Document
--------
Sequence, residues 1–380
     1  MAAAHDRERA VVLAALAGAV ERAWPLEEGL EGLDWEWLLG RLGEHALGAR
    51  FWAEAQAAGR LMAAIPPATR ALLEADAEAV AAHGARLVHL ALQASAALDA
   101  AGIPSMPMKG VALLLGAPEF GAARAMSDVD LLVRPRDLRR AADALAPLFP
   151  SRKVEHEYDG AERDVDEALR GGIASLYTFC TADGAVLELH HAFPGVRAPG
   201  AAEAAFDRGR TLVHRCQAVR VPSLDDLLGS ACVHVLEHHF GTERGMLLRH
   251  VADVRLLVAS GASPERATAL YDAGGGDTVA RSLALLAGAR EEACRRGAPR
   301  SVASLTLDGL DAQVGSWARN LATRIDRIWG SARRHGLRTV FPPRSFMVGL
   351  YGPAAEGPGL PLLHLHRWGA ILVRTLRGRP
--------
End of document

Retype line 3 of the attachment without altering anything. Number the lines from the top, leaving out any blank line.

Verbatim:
    51  FWAEAQAAGR LMAAIPPATR ALLEADAEAV AAHGARLVHL ALQASAALDA